Brighton Beach Memoirs: a triumph for South Theater


Seniors Connor Rossi and Dhruv Badaryan perform onstage.

Danny McElroy, Sports Editor

         The South Theater department performed “Brighton Beach Memoirs” to an open, pandemic-regulated audience last month in the New Theater — the first since the COVID-19 pandemic began in March 2020.

     The play, originally written in 1982 by Neil Simon, features a cast of seven characters who are part of a fractured family. The play’s opening run on Broadway in 1983 received mixed critical reception, but was popular with audiences and had a three year legacy on stage. The play takes place in 1937 Brighton Beach, New York, a small neighborhood in Brooklyn.

14-year-old Eugene Morris Jerome, played by senior Connor Rossi, serves as the storyteller of the play, often speaking directly to the audience as he recounts his family’s troubles in his secret memoir.

The entire play takes place in the Jerome family home. Constructed as an as they moved between floors. The

open front, two story house, the set allowed for dynamic interactions between characters second floor bedrooms provided the actors with the challenge of staying in character even when the focus of the scene was elsewhere. This created for the audience a more realistic family experience.

Another part of the verisimilitude in the play was the costuming. To fully pull the audience into the 1930s, looser and more casual suits, vests, newsboy hats and wide shouldered dresses were all taken out of South’s wardrobe closet. Even the most minute details, like the wrinkles indicative of a stressed and aging man drawn on senior Chase White’s face for his role as Eugene’s father Jack, brought the play to life.

At the start of the play, the audience learns of each family member’s problems, which range in severity. Eugene feels like he gets unfairly blamed for every mistake in the house; his older brother, Stanley, played by senior Dhruv Badaryan, struggles with serious job instability that threatens the family’s livelihood. As the play progresses, these issues start to intersect between characters, and as the stakes become greater and relationships start to fracture, characters are forced to make sacrifices to save their family.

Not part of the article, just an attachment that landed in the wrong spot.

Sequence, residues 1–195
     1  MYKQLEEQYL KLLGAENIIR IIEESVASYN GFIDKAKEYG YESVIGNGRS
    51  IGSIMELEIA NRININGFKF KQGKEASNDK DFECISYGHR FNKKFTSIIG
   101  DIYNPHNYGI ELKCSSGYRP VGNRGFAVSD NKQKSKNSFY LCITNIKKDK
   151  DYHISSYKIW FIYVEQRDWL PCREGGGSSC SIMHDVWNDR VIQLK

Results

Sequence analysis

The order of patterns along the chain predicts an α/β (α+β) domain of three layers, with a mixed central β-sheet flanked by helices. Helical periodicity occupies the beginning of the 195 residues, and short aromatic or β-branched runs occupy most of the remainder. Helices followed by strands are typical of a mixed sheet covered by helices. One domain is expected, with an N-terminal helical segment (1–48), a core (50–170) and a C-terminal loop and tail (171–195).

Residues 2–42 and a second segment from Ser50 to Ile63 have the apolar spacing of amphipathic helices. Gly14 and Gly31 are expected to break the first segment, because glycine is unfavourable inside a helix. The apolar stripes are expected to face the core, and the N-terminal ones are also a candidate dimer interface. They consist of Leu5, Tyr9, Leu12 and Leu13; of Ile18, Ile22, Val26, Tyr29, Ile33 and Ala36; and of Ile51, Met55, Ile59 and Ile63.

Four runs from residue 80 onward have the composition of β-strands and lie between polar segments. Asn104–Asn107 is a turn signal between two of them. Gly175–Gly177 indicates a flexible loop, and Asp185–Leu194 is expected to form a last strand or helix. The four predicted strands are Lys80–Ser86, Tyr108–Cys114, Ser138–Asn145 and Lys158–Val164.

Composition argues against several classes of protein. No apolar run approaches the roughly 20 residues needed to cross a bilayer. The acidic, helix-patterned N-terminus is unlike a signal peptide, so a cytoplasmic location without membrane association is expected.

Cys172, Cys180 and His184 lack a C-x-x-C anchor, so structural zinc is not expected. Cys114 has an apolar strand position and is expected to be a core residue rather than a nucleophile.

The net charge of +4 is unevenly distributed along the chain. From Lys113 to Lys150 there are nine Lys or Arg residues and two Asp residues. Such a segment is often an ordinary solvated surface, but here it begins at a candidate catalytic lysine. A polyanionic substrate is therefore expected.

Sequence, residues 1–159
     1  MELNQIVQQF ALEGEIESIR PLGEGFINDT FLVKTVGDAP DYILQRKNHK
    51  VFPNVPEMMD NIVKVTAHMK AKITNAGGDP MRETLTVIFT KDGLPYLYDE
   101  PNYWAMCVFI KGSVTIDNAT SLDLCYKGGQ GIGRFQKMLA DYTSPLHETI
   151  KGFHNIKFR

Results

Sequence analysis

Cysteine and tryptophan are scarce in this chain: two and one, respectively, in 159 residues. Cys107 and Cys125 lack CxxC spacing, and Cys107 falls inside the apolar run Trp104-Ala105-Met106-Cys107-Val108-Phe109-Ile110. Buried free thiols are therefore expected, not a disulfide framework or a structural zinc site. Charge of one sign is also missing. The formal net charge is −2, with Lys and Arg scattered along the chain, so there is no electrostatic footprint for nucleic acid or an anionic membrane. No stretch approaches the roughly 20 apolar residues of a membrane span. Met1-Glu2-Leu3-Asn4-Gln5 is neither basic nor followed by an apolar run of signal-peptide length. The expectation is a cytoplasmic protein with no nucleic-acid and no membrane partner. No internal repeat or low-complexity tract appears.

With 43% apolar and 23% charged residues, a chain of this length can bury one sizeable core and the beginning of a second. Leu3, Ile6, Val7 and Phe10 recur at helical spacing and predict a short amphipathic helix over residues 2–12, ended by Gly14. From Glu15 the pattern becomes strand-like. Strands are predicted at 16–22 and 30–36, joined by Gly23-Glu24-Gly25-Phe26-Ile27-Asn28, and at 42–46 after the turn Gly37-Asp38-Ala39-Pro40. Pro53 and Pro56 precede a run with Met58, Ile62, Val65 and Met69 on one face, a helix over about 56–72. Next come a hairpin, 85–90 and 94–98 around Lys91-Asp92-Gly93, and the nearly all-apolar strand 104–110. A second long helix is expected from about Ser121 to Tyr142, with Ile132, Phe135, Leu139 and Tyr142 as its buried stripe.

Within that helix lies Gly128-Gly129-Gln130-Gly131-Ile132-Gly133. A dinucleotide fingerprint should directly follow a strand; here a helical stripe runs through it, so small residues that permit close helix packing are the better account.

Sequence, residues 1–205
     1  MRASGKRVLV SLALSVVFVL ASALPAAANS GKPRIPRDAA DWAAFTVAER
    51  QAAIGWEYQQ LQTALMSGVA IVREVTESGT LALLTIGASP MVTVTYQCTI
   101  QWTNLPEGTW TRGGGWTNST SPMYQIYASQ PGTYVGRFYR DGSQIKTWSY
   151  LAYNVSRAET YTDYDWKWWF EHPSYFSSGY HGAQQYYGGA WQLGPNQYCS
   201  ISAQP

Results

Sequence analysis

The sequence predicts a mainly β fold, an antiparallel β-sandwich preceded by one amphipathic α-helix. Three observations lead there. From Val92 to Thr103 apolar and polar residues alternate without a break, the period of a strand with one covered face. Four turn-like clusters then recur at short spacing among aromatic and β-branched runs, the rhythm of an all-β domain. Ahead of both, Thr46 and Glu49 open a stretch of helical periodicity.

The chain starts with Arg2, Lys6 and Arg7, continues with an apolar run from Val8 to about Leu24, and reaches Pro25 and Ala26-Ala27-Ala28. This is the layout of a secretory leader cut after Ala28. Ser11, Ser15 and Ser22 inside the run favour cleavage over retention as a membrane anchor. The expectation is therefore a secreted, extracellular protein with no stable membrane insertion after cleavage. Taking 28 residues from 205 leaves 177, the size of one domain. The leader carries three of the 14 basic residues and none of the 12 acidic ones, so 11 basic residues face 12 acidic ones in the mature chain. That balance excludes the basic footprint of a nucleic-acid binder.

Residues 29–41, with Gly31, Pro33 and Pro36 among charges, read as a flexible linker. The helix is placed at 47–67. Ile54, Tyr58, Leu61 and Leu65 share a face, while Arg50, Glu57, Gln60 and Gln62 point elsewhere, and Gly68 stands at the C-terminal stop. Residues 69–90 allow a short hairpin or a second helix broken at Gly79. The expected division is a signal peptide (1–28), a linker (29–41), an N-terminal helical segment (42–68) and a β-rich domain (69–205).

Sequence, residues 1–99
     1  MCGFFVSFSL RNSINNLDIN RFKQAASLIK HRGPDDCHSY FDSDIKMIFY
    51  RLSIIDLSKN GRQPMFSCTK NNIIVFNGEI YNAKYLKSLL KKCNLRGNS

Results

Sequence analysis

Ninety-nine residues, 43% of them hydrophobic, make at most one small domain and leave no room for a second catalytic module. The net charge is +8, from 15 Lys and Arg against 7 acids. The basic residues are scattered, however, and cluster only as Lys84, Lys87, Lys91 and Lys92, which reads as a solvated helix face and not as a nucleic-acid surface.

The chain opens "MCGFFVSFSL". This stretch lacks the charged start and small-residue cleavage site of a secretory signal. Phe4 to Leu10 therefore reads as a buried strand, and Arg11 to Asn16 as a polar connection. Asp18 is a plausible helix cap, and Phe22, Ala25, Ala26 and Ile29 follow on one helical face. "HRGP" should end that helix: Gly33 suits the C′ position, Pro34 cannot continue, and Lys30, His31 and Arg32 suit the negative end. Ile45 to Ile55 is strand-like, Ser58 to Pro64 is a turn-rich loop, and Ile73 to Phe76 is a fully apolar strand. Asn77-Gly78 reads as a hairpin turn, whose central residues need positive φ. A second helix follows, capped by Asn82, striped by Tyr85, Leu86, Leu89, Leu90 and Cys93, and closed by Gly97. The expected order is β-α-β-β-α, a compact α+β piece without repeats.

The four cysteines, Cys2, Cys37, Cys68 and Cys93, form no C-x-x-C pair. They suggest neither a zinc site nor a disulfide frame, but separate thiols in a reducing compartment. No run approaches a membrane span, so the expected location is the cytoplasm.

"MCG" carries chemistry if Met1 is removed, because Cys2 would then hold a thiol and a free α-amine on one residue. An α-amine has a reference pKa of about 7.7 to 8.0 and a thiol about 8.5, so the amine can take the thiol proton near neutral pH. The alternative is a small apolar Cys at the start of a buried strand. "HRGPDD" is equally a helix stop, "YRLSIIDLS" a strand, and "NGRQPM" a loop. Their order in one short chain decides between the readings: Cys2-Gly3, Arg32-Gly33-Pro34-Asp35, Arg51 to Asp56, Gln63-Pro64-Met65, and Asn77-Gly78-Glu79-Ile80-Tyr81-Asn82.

Rossi steals the show as Eugene, delivering every line with the conviction and energy of a conflicted 14-year old. The rest of the cast turn in fantastic performances in their own right. Badarayan’s frustration and exasperation perfectly encapsulates the mental struggle of an 18-year old who is stuck between the freedom of childhood and the sudden responsibility of assisting in providing for his family.

White’s mellow yet understanding attitude portrays the life of a father that both works two jobs, and is burdened well, showing the pain of having to often sacrifice your own feelings to be able to better care for your family.

    Finally, sophomore Gabby DiRusso and junior Emily Quigley star as Blanche’s aforementioned daughters, Nora and Laurie. DiRusso lives Nora’s increasingly rebellious nature as she tries to become a Broadway star, desperate to persuade her family to support her endeavors. Quigley does a phenomenal job matching the energy of an innocent and curious young girl, unintentionally being an annoyance to the other characters around her.

   Despite the seriousness of the plot and frequent tension between characters, the play is at its heart a comedy, drawing on frequently crude humor as Eugene narrates his experiences undergoing puberty.

     The performance refreshingly jumps between heavier and lighter scenes, maintaining a range of emotion that accurately encompasses life with family.

     A delight from start to finish, “Brighton Beach Memoirs” succeeded in all facets of Neil Simon’s original vision, from character development to setting. And as the latest in a long line of quality theatrical to come, one thing is abundantly clear: behind the scenes or on stage, South theater is in very good hands.


Photo by Connor Rossi and Renee Pujara